Gaddy Eng'g Co. v. Bowles Rice McDavid Graff & Love, LLP (Per Curiam Opinion)

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Justia Opinion Summary

Petitioner here was Gaddy Engineering Company, and Respondents were an individual lawyer, Thomas Lane, and a law firm in which Lane was a partner (Bowles Rice). Petitioner contended that the Lane agreed to pay Petitioner one-third of all sums Bowles Rice received in connection with its legal representation of a group of land companies in a case to be filed against a company for alleged underpayment of gas royalties. The circuit court granted summary judgment to Respondents as to all claims. The Supreme Court affirmed, holding, inter alia, that the trial court (1) correctly applied the doctrine of impracticability as to Petitioner's breach of contract claims; (2) did not err in ruling that no attorney-client relationship existed between Petitioner and Respondents, and thus the trial court did not err in granting summary judgment on Petitioner's professional negligence claim; (3) correctly granted summary judgment on Petitioner's claim of fraud; and (4) did not err in granting summary judgment on Petitioner's claim seeking relief in quantum meruit.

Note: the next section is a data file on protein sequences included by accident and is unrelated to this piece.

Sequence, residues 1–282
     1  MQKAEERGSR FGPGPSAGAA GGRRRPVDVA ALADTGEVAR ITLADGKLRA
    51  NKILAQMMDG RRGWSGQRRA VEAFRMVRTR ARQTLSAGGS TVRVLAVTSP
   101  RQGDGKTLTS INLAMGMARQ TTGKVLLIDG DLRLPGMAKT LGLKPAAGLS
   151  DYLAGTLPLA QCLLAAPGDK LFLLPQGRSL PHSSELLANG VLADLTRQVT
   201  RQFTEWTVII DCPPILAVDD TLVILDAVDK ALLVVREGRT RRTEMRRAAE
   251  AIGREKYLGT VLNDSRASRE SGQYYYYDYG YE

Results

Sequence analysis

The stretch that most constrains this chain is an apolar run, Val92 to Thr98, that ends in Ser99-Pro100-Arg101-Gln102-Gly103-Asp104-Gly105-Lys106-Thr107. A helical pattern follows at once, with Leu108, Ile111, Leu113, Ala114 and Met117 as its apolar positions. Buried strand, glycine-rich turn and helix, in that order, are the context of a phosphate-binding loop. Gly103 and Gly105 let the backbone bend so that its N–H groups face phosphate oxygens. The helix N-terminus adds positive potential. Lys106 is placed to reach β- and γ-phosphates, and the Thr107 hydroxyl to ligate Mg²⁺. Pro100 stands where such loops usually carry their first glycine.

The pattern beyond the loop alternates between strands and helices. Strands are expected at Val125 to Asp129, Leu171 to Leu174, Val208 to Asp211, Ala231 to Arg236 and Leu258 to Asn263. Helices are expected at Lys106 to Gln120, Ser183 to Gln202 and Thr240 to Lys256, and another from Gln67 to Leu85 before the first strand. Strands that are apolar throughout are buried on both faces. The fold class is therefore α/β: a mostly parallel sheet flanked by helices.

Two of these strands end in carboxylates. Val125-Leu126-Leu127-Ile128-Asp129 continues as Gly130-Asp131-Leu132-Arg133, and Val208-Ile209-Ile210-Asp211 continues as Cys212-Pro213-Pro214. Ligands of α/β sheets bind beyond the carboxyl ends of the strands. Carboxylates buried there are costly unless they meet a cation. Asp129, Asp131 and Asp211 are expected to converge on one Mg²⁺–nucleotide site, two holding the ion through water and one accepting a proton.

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IN THE SUPREME COURT OF APPEALS OF WEST VIRGINIA January 2013 Term FILED June 14, 2013 __________ released at 3:00 p.m. No. 12-0206 __________ RORY L. PERRY II, CLERK SUPREME COURT OF APPEALS OF WEST VIRGINIA GADDY ENGINEERING COMPANY, Plaintiff Below, Petitioner v. BOWLES RICE MCDAVID GRAFF & LOVE, LLP, and J. THOMAS LANE, individually, Defendants Below, Respondents ______________________________________________________ Appeal from the Circuit Court of Roane County Honorable Thomas C. Evans, III, Judge Civil Action No. 10-C-27 AFFIRMED ____________________________________________________ Submitted: April 17, 2013 Filed: June 14, 2013 Paul J. Harris, Esq. Wheeling, West Virginia Counsel for Petitioner David D. Johnson, III, Esq. Winter Johnson & Hill PLLC Charleston, West Virginia Counsel for Respondents The Opinion of the Court was delivered PER CURIAM. JUSTICE DAVIS and JUSTICE LOUGHRY concur and reserve the right to file concurring opinions. JUSTICE KETCHUM dissents and reserves the right to file a dissenting opinion. SYLLABUS BY THE COURT 1. Under the doctrine of impracticability, a party to a contract who claims that a supervening event has prevented, and thus excused, a promised performance must demonstrate each of the following: (1) the event made the performance impracticable; (2) the nonoccurrence of the event was a basic assumption on which the contract was made; (3) the impracticability resulted without the fault of the party seeking to be excused; and (4) the party has not agreed, either expressly or impliedly, to perform in spite of impracticability that would otherwise justify his nonperformance. Syl. Pt. 2, Waddy v. Riggleman, 216 W.Va. 250, 606 S.E.2d 222 (2004). 2. Fraud cannot be predicated on a promise not performed. To make it available there must be a false assertion in regard to some existing matter by which a party is induced to part with his money or his property. Syllabus Point 1, Love v. Teter, 24 W.Va. 741 (1884). Syl. Pt. 3, Croston v. Emax Oil Co., 195 W.Va. 86, 464 S.E.2d 728 (1995). Per Curiam: The petitioner, Gaddy Engineering Company ( Gaddy ), appeals from an adverse summary judgment ruling entered by the Circuit Court of Roane County on January 12, 2012, in a case that involves an alleged fee-sharing agreement between Gaddy and the respondents. The respondents are an individual lawyer, J. Thomas Lane, and the Charleston, West Virginia, law firm in which Mr. Lane is a partner Bowles Rice McDavid Graff & Love, LLP ( Bowles Rice ). At the center of this dispute is the petitioner s contention that Mr. Lane agreed to pay Gaddy one-third of all sums Bowles Rice received in connection with its provision of legal representation to a group of land companies in a case to be filed against Columbia Natural Resources ( Columbia ) for alleged underpayment of gas royalties.1 Through two separate orders, the circuit court granted summary judgment to the respondents as to all of the claims Gaddy asserted against the respondents.2 Upon a meticulous review of the sizeable record submitted to this Court and in consideration of well-established principles of law, we conclude that the circuit court did not commit error. Accordingly, we affirm. 1 Rather than directly pursuing relief from Columbia Natural Resources through either individual actions or a consolidated action as initially contemplated by Gaddy and Mr. Lane, the land companies opted to join a class action that involved approximately 8,000 plaintiffs. See Estate of Tawney v. Columbia Natural Resources, Civil Action No. 03-C-10E, Roane County Circuit Court. 2 By ruling entered on September 19, 2011, the circuit court initially granted summary judgment as to all claims arising from the alleged breach of contract. In a subsequent order entered on January 12, 2012, the circuit court granted summary judgment on the remaining counts asserted by Gaddy in this civil action. 1 I. Factual and Procedural Background In December 2003, John Bullock, the president of Gaddy,3 approached Mr. Lane to discuss exploring whether Columbia was underpaying its royalty obligations.4 In January or February 2004, Gaddy and the respondents reached a verbal agreement to jointly evaluate potential claims on behalf of their current clients as well as other additional land company lessors. The stated objective for the proposed evaluations was to ascertain (1) whether there were viable claims; (2) whether the lessors wished to pursue such claims; and (3) whether the likely value of those claims would justify the cost of litigation against Columbia. Under the terms of this agreement, Gaddy would assess the lessors past and future losses from underpayment of royalties while Bowles Rice would review the respective leases to evaluate the lessors individual legal claims. In order to attract the largest pool of potential clients, Mr. Lane and Gaddy agreed to charge a reduced flat fee of $1,750 for this evaluation.5 That combined charge would include a $750 fee for Gaddy s assessment and a $1000 fee for the legal work performed by Bowles Rice.6 3 Gaddy is a company that provides land and natural resource management services. 4 Mr. Bullock stated in his affidavit that he explored why Columbia Gas routinely paid approximately 67% less royalties than other gas companies. 5 The parties concur that the flat fee charged to the land companies for the initial evaluations did not fully compensate either of them for their time and work product. 6 Gaddy would send a separate invoice for each damage evaluation it performed and Bowles Rice would then invoice the lessor for the total fee of $1,750. Upon its receipt of payment, Bowles Rice would remit $750 to Gaddy in payment of its submitted invoice. 2 In accordance with the terms of this undisputed aspect of the agreement, Mr. Lane contacted various land companies in writing and offered the claim evaluation described above. In response to the letters distributed by Mr. Lane through Bowles Rice, a number of land companies sought the claim evaluation which was then jointly performed by the parties. As a result of these evaluations, twelve land companies (the land companies ) decided to utilize the services of Bowles Rice to pursue litigation against Columbia in connection with its alleged underpayment of royalties. The controversy at the center of this case stems from Gaddy s allegation that Bowles Rice, through Mr. Lane, agreed to give the petitioner one third of any recovery it received for pursuing claims against Columbia.7 According to the respondents, John Bullock proposed more than once that Gaddy should receive some percentage of any legal fee Bowles Rice obtained as a result of the Columbia litigation.8 The respondents, however, deny that they ever agreed to this proposal. Through his affidavit and during his deposition, Mr. Lane avowed that in the event Bowles Rice initiated litigation against Columbia on behalf of the land companies, his understanding was that Gaddy would serve as a litigation consultant and that Gaddy would separately negotiate a fee agreement with the respective clients. In Mr. 7 Gaddy had no dispute with the fee distribution for the claim evaluations. See supra note 6. 8 The petitioner readily admits that Mr. Lane explained that a fee-sharing agreement between a lawyer and a nonlawyer was prohibited; Gaddy maintains, however, that Mr. Lane suggested there were ways to get around this fee-sharing impediment. 3 Lane s mind, this fee agreement between Gaddy and the land company clients would have been structured to include a bonus feature in the event of a favorable outcome. When the parties began their joint venture, they were aware of a pending action before the Circuit Court of Roane County the Tawney case9 which involved a large group of oil and gas lessors seeking damages against Columbia for alleged royalty underpayments.10 Due to concerns based on the proposed class size and differing lease terms, it was unclear for some time whether that case would be certified as a class action. Following its decision to certify the class in Tawney,11 the circuit court imposed a deadline of October 15, 2004, for class members to opt out of the class action. Despite the recommendation by Bowles Rice that the land companies exercise the option to pursue their claims in the Circuit Court of Kanawha County rather than as a part of the class action, the land companies decided to participate in the Tawney case. From that point forward, the possibility that Bowles Rice would be prosecuting independent claims for the land companies ceased to exist. And, while Bowles Rice registered a formal appearance 9 See supra note 1. 10 That action was initiated on February 3, 2003. 11 Certification was approved by the circuit court s order entered on February 27, 2004; this Court, by order entered on June 10, 2004, refused a petition seeking a writ of prohibition to prevent enforcement of the certification ruling. 4 in Tawney on behalf of a subclass composed of its land company clients,12 Marvin Masters, as lead counsel, was in control of the litigation decisions affecting the plaintiff class.13 When Mr. Lane approached class counsel to inquire about allowing Gaddy to serve as an expert consultant, Mr. Masters stated that he had already retained an expert witness and had no use for Gaddy s services. He did indicate, however, a willingness to seek court approval of the claim evaluation work Gaddy had previously performed if the plaintiffs were successful in establishing their royalty claims. In February 2006, Mr. Lane informed Gaddy that he would need to submit an invoice to the circuit court reflecting hourly rate charges for its claim evaluation work. On January 31, 2007, during the week after the jury verdict was returned in Tawney,14 Gaddy submitted an invoice to Bowles Rice for the amount of $367,225. This invoice, which we refer to as the Bullock invoice, purported to charge for work performed by Mr. Bullock on a weekly basis from January 1, 2000, through the end of 2006.15 Because the invoice reflected time for work that preceded any agreement between the respondents and Gaddy by more than four years as well as charges for work that clearly 12 This appearance occurred on December 7, 2004, 13 Marvin Masters and the law firm of Masters & Taylor, L.C. and Michael W. Carey and George M. Scott and the law firm of Carey, Scott & Douglas were appointed as class counsel for the plaintiffs in the Tawney case in the certification order. 14 The verdict returned was for more than 400 million dollars. 15 The amount of fees that Mr. Bullock sought for his time in the matter was $258,400. 5 post-dated the opt out date of October 15, 2004, Mr. Lane told Mr. Bullock he could not submit that invoice to the trial court for payment approval. Based on Mr. Lane s insistence that a new invoice reflecting work performed by Gaddy beginning in March 2004 would be required, Gaddy submitted a revised invoice to Bowles Rice on February 14, 2007. That invoice, which we refer to as the McCullough invoice, set forth a total of $74,275 in charges which pertained primarily16 to work performed by Gaddy s Vice President Frank McCullough17 from March 5 through July 27, 2004. Bowles Rice submitted the McCullough invoice to the circuit court and obtained approval for the work and expenses Gaddy reflected on the invoice. When Bowles Rice tendered payment to Gaddy for the full amount of the McCullough invoice after receiving its counsel fee and expense reimbursements, the payment was refused. Gaddy later instituted this civil action against the respondents on May 14, 2010, asserting claims for breach of contract; professional negligence; negligence; gross negligence; negligent misrepresentation; fraud; conversion; promissory estoppel; unjust enrichment; and quantum meruit. 16 While there were no charges included on the McCullough invoice for work performed solely by Mr. Bullock, there were three charges of two to four hours included for work performed by Gaddy employees, which totaled less than one thousand dollars. While all three of these charges occurred in 2006, it appears that they relate to internal meetings among Gaddy employees pertaining in one instance to a review of time charges. 17 Mr. McCullough began working at Gaddy as an independent contractor in mid-2003 and immediately started looking into the royalty payment issues involving Columbia. 6 In its motion to dismiss the complaint, the respondents argued that the doctrine of illegality stood as a bar to the enforcement of the alleged fee-sharing agreement18 in view of the public policy violation indicated by the Rules of Professional Conduct (the Rules ). In ruling on the motion to dismiss, the trial court observed that this Court had never addressed the precise question of whether the ethical violation that results from a fee-sharing agreement between a lawyer and a nonlawyer would render the agreement void and unenforceable as a matter of public policy.19 Looking to the language designated in the scope section of the Rules, the trial court found guidance in the language which provides that the rules are not designed to be a basis for civil liability but are offered to provide guidance to lawyers and to provide a structure for regulating conduct through disciplinary agencies. Citing both the hortative introductory language of the Rules and the lack of governing precedent, the trial court denied the respondents motion to dismiss. After discovery had been completed, the respondents filed a motion seeking summary judgment. Upon considering the respondents argument that application of the doctrine of impracticability20 excused the performance of any alleged fee-sharing agreement, 18 In moving to dismiss the complaint, the respondents denied the existence of the alleged fee-sharing agreement. 19 See R. Prof l Cond. 5.4 (prohibiting fee-sharing agreements between lawyers and nonlawyers). 20 See Syl. Pt. 2, Waddy v. Riggleman, 216 W.Va. 250, 606 S.E.2d 222 (2004). 7 the trial court agreed and granted summary judgment to the respondents as to the petitioner s breach of contract claim by order entered on September 19, 2011. In its subsequent ruling, which was entered on January 12, 2012, the trial court granted summary judgment to the respondents on the remaining counts of the complaint, expressly finding no genuine issues of material fact as to any of the multiple claims asserted by the petitioner. It is from these adverse rulings that the petitioner seeks relief. II. Standard of Review Our review of the trial court s grant of summary judgment is de novo. See Syl. Pt. 1, Painter v. Peavy, 192 W.Va. 189, 451 S.E.2d 755 (1994). It is axiomatic that summary judgment should be granted only when it is clear that there is no genuine issue of fact to be tried and inquiry concerning the facts is not desirable to clarify the application of the law. Syl. Pt. 3, Aetna Cas. & Sur. Co. v. Fed. Ins. Co., 148 W.Va. 160, 133 S.E.2d 770 (1963). Against these standards, we proceed to determine whether the trial court s decision to grant summary judgment to the respondents was in error. III. Discussion A. Doctrine of Impracticability In its first order granting summary judgment in this matter, the trial court addressed the applicability of the doctrine of impracticability to the petitioner s breach of 8 contract claim. Once the land companies decided to participate in the Tawney class action, the respondents contend that the parties were no longer capable of performing the alleged fee-sharing agreement as that agreement presumed that Bowles Rice would individually prosecute the claims of the land companies. As a consequence, the respondents argued that even if a jury should find the existence of a fee-sharing agreement between the parties, the doctrine of impracticability would excuse their performance of all obligations under the agreement. This doctrine, which was previously referred to as the doctrine of impossibility, developed through the common law as a means of alleviating, in limited circumstances, the harsh results brought about by requiring absolute contractual performance. See Waddy v. Riggleman, 216 W.Va. 250, 256, 606 S.E.2d 222, 228 (2004). Adopting the modern position the rule of impracticability this Court held in syllabus point two of Riggleman: Under the doctrine of impracticability, a party to a contract who claims that a supervening event has prevented, and thus excused, a promised performance must demonstrate each of the following: (1) the event made the performance impracticable; (2) the nonoccurrence of the event was a basic assumption on which the contract was made; (3) the impracticability resulted without the fault of the party seeking to be excused; and (4) the party has not agreed, either expressly or impliedly, to perform in spite of impracticability that would otherwise justify his nonperformance. 9 Id. at 252, 606 S.E.2d at 224.21 In its ruling, the circuit court found that the fee-sharing agreement alleged by Gaddy presupposed that Bowles Rice would individually prosecute civil actions against Columbia on behalf of the land companies; that Bowles Rice would enter into a contingent fee agreement with each of those land company clients entitling it to a fee of one-third of any recovery; that Bowles Rice would rely on Gaddy to provide expert litigation support services for the claims against Columbia; and that Bowles would tender to Gaddy one-third of its onethird fee in the event of any recovery. As the trial court reasoned, in applying the factors set forth in Riggleman, the non-occurrence of the presupposed events rendered performance by Gaddy and the respondents impracticable. In reaching that decision, the trial court determined that the respondents did not control the decision of the landowner clients with regard to their participation in the Tawney class action; did not have control of the Tawney 21 Our holding in Riggleman was informed by the Restatement (Second) of Contracts section entitled Discharge by Supervening Impracticability, which provides: Where, after a contract is made, a party s performance is made impracticable without his fault by the occurrence of an event the non-occurrence of which was a basic assumption on which the contract was made, his duty to render that performance is discharged, unless the language or the circumstances indicate the contrary. 216 W.Va. at 257, 606 S.E.2d at 229 (quoting Restatement (Second) of Contracts § 261 (1979)). 10 litigation; did not enter into contingency fee agreements with the landowner clients; and did not have control over the decision to hire an expert consultant in the Tawney case. Central to the application of the doctrine of impracticability is a determination that the party who seeks to be excused from performance was not at fault or had no control as to the nonoccurrence of the presupposed event upon which the contract depended. See Frederick Mgt. Co. v. City Nat l Bank, 228 W.Va. 550, 560, 723 S.E.2d 277, 287 (2010) (holding that genuine issues of fact regarding fault of party seeking to be excused from contract performance prevented application of doctrine of impracticability). In this case, the trial court found that the uncontradicted evidence is that Bowles Rice and J. Thomas Lane did not cause, directly or indirectly, the large landowner group of clients to decide to remain in the Tawney class action litigation. As the circuit court reasoned, [t]his was the event that set in motion the impracticability of performance by both Plaintiff Gaddy and Defendants Bowles Rice and J. Thomas Lane. In challenging the trial court s ruling on this issue, Gaddy maintains that it provided litigation support for the plaintiffs in the Tawney case. The record does not support this contention. The bulk of the work that Gaddy performed,22 and for which it sought and the court approved payment, predated the October 2004 opt out date. When Mr. Lane 22 See supra note 16. 11 refused to submit the Bullock invoice purporting to delineate work performed from 2000 to 2006, and then Mr. Bullock subsequently transmitted the McCullough invoice to Mr. Lane as a replacement document without any correspondent charges for his time, Mr. Bullock essentially acknowledged that the first invoice was fabricated. And, when Mr. Lane, upon his receipt of the McCullough invoice, inquired of Mr. Bullock regarding an additional invoice reflecting his personal time charges, Mr. Bullock stated by means of electronic correspondence dated February 11, 2007, that he would not be submitting a separate invoice as he didn t keep good enough record. [sic] The record in this case supports the trial court s finding that the undisputed evidence . . . shows that Gaddy in fact did stop working on these claims in 2004, at the time the large landowner clients refused Defendant Lane s recommendation and elected to remain as class members in the Tawney litigation. Mr. Bullock s affidavit, as the respondents point out, lacks any chronological point of reference regarding his perform[ance of] an enormous amount of work that took years to complete. 23 That vague avowal24 and the complete lack 23 In explanation of what work he performed, Mr. Bullock stated: I regularly conducted research into Columbia Gas post­ production expenses, administrative expenses, and impression expenses. I also researched Columbia Gas Securities and Exchange Commission (SEC) filings and compared those filings with the filings of other gas companies. . . . I contacted numerous land companies, engineers, and attorneys to discuss (continued...) 12 of any time submission by Mr. Bullock for the relevant time period (February/March 2004 to October 2004) suggests that whatever time Mr. Bullock personally invested in the matter preceded the decision of the parties to jointly investigate the royalty underpayment issues. Moreover, there is no evidence that the respondents agreed, as part of the alleged fee-sharing agreement, to share fees with Gaddy even if the presupposed events did not transpire (i.e. to perform despite the occurrence of impracticability). Having determined that the trial court correctly applied the doctrine of impracticability, we find no error in the trial court s decision to grant summary judgment as to the breach of contract claims under this doctrine. B. Attorney-Client Relationship In its order of September 19, 2011, the trial court determined that there were no genuine issues of material fact with regard to whether there was an attorney-client relationship between Gaddy and the respondents. The circuit court ruled that 23 (...continued) the legality of Columbia Gas actions. I also coordinated numerous meetings with potential litigants against Columbia Gas. 24 The respondents suggest that Mr. Bullock s affidavit, signed a month and a half after his deposition was taken, conflicts with his deposition testimony and thus renders it a sham affidavit. See Kiser v. Caudill, 215 W.Va. 403, 410, 599 S.E.2d 826, 833 (2004). At his deposition, Mr. Bullock stated that he had no idea whether any of Gaddy s work product had been used in the Tawney case. As to the question of whether Gaddy had been asked by Bowles Rice to do any work relating to Columbia once the claim evaluation work performed by Mr. McCullough was completed, Mr. Bullock could not provide an affirmative answer. Mr. Bullock did testify, however, that he, personally, was not asked to do any work after the claim evaluation period ended. 13 only one conclusion can be drawn from the undisputed facts, and it is that the relationship was one between a law firm representing certain clients on the one hand and, on the other, a litigation support service provider engaged by the law firm/attorney to provide services for those same clients in anticipated litigation. To challenge this ruling, Gaddy offered the deposition testimony of one of its employees Mr. McCullough where he indicated his personal opinion that Bowles Rice was Gaddy s attorney as well as Mr. Lane s proffer of advice to Gaddy that it not appear at the hearing before the circuit court in Tawney on the issue of fees and expenses. There was never any assertion, as the respondents make clear, that Gaddy had any intention of being a party-plaintiff in any litigation that might ensue against Columbia. A review of the submitted record in this matter demonstrates a working relationship between Gaddy and the respondents for the purpose of evaluating potential royalty underpayment claims for their mutual clients. The record does not support Gaddy s contention that the respondents undertook a client-lawyer relationship with regard to Gaddy. Furthermore, as the respondents note, Gaddy never articulated any breach of a professional duty owed to it by them or offered any evidence tending to support any alleged breach.25 Finding no error as to the trial court s ruling on the lack of an attorney-client relationship between Gaddy and 25 Gaddy s failure to produce any billing statements from the respondents for services rendered further supports the lack of any client-lawyer relationship between the parties. 14 the respondents, we coextensively find no error in the trial court s decision to grant summary judgment on the petitioner s professional negligence claim. C. Fraud The petitioner s fraud claim is wholly predicated on the alleged fee-sharing agreement. After reasserting the terms of the alleged agreement, the petitioner avers that the respondents made unspecified material and false representations with regard to the alleged promise to share the prospective contingency fee. In its analysis of the fraud claim, the trial court stated: The undisputed material facts demonstrate that Gaddy s evidence is . . . that a promise was made by Defendants to pay Gaddy 1/3 of a 1/3 contingency fee and a failure to pay such sum. Gaddy has no evidence that Bowles Rice or Mr. Lane made any intentional misrepresentation of a past or existing fact. In proceeding to grant summary judgment on this claim, the trial court recognized: Fraud cannot be predicated on a promise not performed. To make it available there must be a false assertion in regard to some existing matter by which a party is induced to part with his money or his property. Syllabus Point 1, Love v. Teter, 24 W.Va. 741 (1884). Syl. Pt. 3, Croston v. Emax Oil Co., 195 W.Va. 86, 464 S.E.2d 728 (1995). Further addressing the scope of fraud, we explained in Croston that 15 [A]ctionable fraud must ordinarily be predicated upon an intentional misrepresentation of a past or existing fact and not upon a misrepresentation as to a future occurrence. Somewhat similarly, it cannot be based on statements which are promissory in nature or which constitute expressions of intention, unless the non-existence of the intention to fulfill the promise at the time it was made is shown. Id. at 90, 464 S.E.2d at 732 (emphasis supplied). As was the case in Croston, there is no evidence that any representations made by the respondents were untruthful expressions of intention; what the evidence demonstrates instead is that subsequent events rendered the execution of the intention . . . [impossible]. Id. at 91, 464 S.E.2d at 733. Simply put, the petitioner has fundamentally failed to demonstrate the critical elements necessary to prove fraud. See Syl. Pt. 1, Lengyel v. Lint, 167 W.Va. 272, 280 S.E.2d 66 (1981).26 Rather than citing to intentional misrepresentations that the respondents made about existing or past facts to prove its fraud case, the petitioner simply redoubled its efforts 26 As we held in Lengyel, The essential elements in an action for fraud are: (1) that the act claimed to be fraudulent was the act of the defendant or induced by him; (2) that it was material and false; that plaintiff relied upon it and was justified under the circumstances in relying upon it; and (3) that he was damaged because he relied on it. Horton v. Tyree, 104 W.Va. 238, 242, 139 S.E. 737 (1927). 167 W.Va. at 272-73, 280 S.E.2d at 67, syl. pt. 1. 16 in trying to prove the existence of the alleged oral fee-sharing agreement.27 And, by taking this tack, the petitioner has demonstrated what the respondents argued: that the fraud claims asserted by petitioner were simply breach of contract claims masquerading as fraud claims. In seeking to prevent the recasting of a contract claim as a tort claim, courts often apply the gist of the action doctrine. Under this doctrine, recovery in tort will be barred when any of the following factors is demonstrated: (1) where liability arises solely from the contractual relationship between the parties; (2) when the alleged duties breached were grounded in the contract itself; (3) where any liability stems from the contract; and (4) when the tort claim essentially duplicates the breach of contract claim or where the success of the tort claim is dependent on the success of the breach of contract claim. Star v. Rosenthal, 884 F.Supp.2d 319, 328-29 (E.D. Pa. 2012); accord Backwater Props., LLC v. Range Resources Appalachia, LLC, No. 1:10CV103, 2011 WL 1706521 at *6 (N.D. W.Va. 2011) (recognizing that [u]nder the gist of the action doctrine, a tort claim arising from a breach of contract may be pursued only if the action in tort would arise independent of the existence of the contract ) (internal citations omitted and quoting Syl. Pt. 9, in part, Lockhart v. Airco Heating & Cooling, Inc., 211 W.Va. 609, 567 S.E.2d 619 (2002)); Cochran v. Appalachian Power Co.. 162 W.Va. 86, 92-93, 246 S.E.2d 624, 628 (1978) 27 While the petitioner points to electronic communications from Mr. McCullough to Mr. Lane in which Mr. McCullough sought on several occasions in 2007 to obtain a written acknowledgment of a verbal understanding of an alleged agreement, the record is utterly devoid of any such writing by which the respondents agreed to a fee-splitting arrangement. 17 (stating that where the gist of the action is the breach of contract . . . additional averments . . .will not convert the cause of action into one for tort ) (quoting 1 Am. Jur. 2d Actions § 8 (1962)). Succinctly stated, whether a tort claim can coexist with a contract claim is determined by examining whether the parties obligations are defined by the terms of the contract. See Goldstein v. Elk Lighting, Inc., No. 3:12-CV-168, 2013 WL 790765 at * 3 (M.D. Pa. 2013). While the trial court s grant of summary judgment on the fraud claim was not decided pursuant to the gist of the action doctrine, we think it is obvious that the petitioner s fraud claims were clearly contract claims disguised as tort claims as the source of the alleged breach of duties was the alleged fee-sharing agreement and not the larger social policies embodied by the law of torts. Goldstein, at * 3. Because we find no error in the trial court s determination that the petitioner failed to introduce evidence of an intentional misrepresentation of a past or existing fact made by the respondents, we find no basis for disturbing the grant of summary judgment on the petitioner s claim of fraud. 18 D. Negligence, Gross Negligence and Intentional Breach These claims, combined in one count of the complaint, were supported by the bare bones averment that Defendants negligently, fraudulently and intentionally breached their agreement with, and duty to the petitioner. The trial court dispensed with this count by ruling that this is nothing more than Gaddy s breach of contract claim couched in tort terminology and referenced its previous grant of summary judgment on the contract claim. Referring to the need for a legal duty upon which to predicate an alleged tort, the circuit court opined: The only basis alleged by Gaddy for a legal duty owed to it by Mr. Lane and Bowles Rice is the alleged attorney-client relationship, and the Court has already ruled that there was no such relationship between Gaddy and the defendants. In challenging this ruling, Gaddy asserted that in every contract there is a covenant of good faith and fair dealing. However, as the respondents observe, this covenant does not provide a cause of action apart from a breach of contract claim. Highmark West Virginia, Inc. v. Jamie, 221 W.Va. 487, 492, 655 S.E.2d 509, 514 (2007). It has been observed that the West Virginia Supreme Court of Appeals has declined to recognize an independent claim for a breach of the common law duty of good faith and has instead held that such a claim sounds in breach of contract. Corder v. Countrywide Home Loans, Inc., No. 2:10-0738, 2011 WL 289343 at *3 (S.D. W.Va. 2011) (internal quotation marks and citation omitted). Given the clear contractual nature of this claim and the circuit court s 19 proper grant of summary judgment to the contract-based claims, we find no error in the trial court s decision to grant summary judgment on the petitioner s claims of negligence, gross negligence, and intentional breach. E. Negligent Misrepresentation The circuit court concluded that this count, like the previous count, was directly tied to the breach of contract allegations. As with the group of claims couched in negligence, the previous disposition of the contract claim and the lack of any duty owed to Gaddy by the respondents compel the conclusion that the trial court s grant of summary judgment on the petitioner s claim of negligent misrepresentation was not made in error. F. Conversion This claim, like the others, is predicated on the alleged fee-sharing agreement. Gaddy argues that the respondents failure to give it one-third of the attorney s fees it was awarded in Tawney amounted to a wrongful conversion of property which belonged to Gaddy. Critical to any claim for conversion, however, is title or right of possession. See Thompson Dev., Inc. v. Kroger Co., 186 W.V. 482, 487, 413 S.E.2d 137, 142 (1991) (citation omitted). As the circuit court opined, [b]ecause Gaddy has not demonstrated a right to possession of any portion of the Bowles Rice fee, its claim for conversion fails. 20 Accordingly, we find no error in the trial court s decision to award summary judgment on the petitioner s claim of conversion. G. Promissory Estoppel Gaddy asserted in its complaint that the respondents are estopped from claiming ownership of and retaining its money with reference to the award of attorney s fees in the Tawney case. The trial court concluded that the doctrine of promissory estoppel has no application to this case. We agree. While Gaddy argues that it has proven that it relied on the promise that . . . [Mr.] Lane made to its detriment, the record in this case fails to show the existence of that alleged fee-sharing agreement.28 And, the petitioner, as the respondents observe, specifically chose not to accept payment of the fees that it previously submitted for the trial court s approval.29 Absent proof of the alleged agreement, we cannot conclude that the trial court erred in determining that summary judgment was warranted on the petitioner s promissory estoppel claim. 28 We wish to make clear that this Court is not deciding the issue of whether Mr. Lane made any type of oral promise to share fees with Gaddy. The issues before us do not require that we make such a determination. 29 The respondents remain prepared to retender these funds to Gaddy. 21 H. Unjust Enrichment It is axiomatic that property which is the subject of an unjust enrichment claim must have been acquired by means of fraud or other similar circumstances which negate the property holder s continued retention of the subject property. See Annon v. Lucas, 155 W.Va. 368, 382, 185 S.E.2d 343, 352 (1971) (recognizing that relief for unjust enrichment is provided where property which has been acquired by fraud, or . . . it is against equity that it should be retained by the person holding it ). Because the trial court had previously rejected the petitioner s claim of fraud, the trial court concluded that this claim must likewise fail. In challenging this ruling, Gaddy merely states its disagreement with the trial court s decision to grant judgment against it on the claim of fraud. We find no basis for concluding that the trial court committed error in granting summary judgment on the petitioner s claim grounded in unjust enrichment. I. Quantum Meruit From the outset, Gaddy recognized that it might not be able to establish an enforceable contract and thus included a count in its complaint through which it asserted entitlement to recovery under quantum meruit. By definition, such a claim requires as an element of recovery that the services at issue were performed under such circumstances by the individual seeking recovery that he reasonably expected to be paid for such services by the person sought to be charged. Copley v. Mingo Co. Bd. of Educ., 195 W.Va. 480, 486­ 22 87, 466 S.E.2d 139, 145-46 (1995). Examining the petitioner s claim that it was entitled to more than the fees submitted in the McCullough invoice, the trial court initially focused on the fact that Gaddy was not asked by Bowles Rice to perform any additional work after the claim evaluations were completed in July 2004 and that Gaddy did not dispute [the respondents contention] that its work product was never used in Tawney. In addition, the circuit court referenced Mr. Bullock s failure to keep sufficient record of his work or time devoted to the Columbia matter to be able to create an invoice for that work. After considering Gaddy s submitted documentation of its work during the relevant time period, the trial court rejected Gaddy s claim for quantum meruit relief but ruled that Gaddy is entitled to receive the sum of $74,275.00 reflected in the McCullough invoice. 30 Barring any further submission of legitimate invoices, the trial court had no other basis from which to determine that Gaddy was entitled to be paid more money. The petitioner complains that the amount reflected in the McCullough invoice is not enough to compensate Gaddy for its work. While that may be true in the abstract, other than the charges included in the McCullough invoice, there was simply no verifiable proof of work that Gaddy performed relevant to this matter. Accordingly, we find no error in the trial court s decision to grant summary judgment on the petitioner s claim seeking relief in quantum meruit. 30 See supra note 29. 23 IV. Conclusion Based on the foregoing, the decision of the Circuit Court of Roane County is affirmed. Affirmed. 24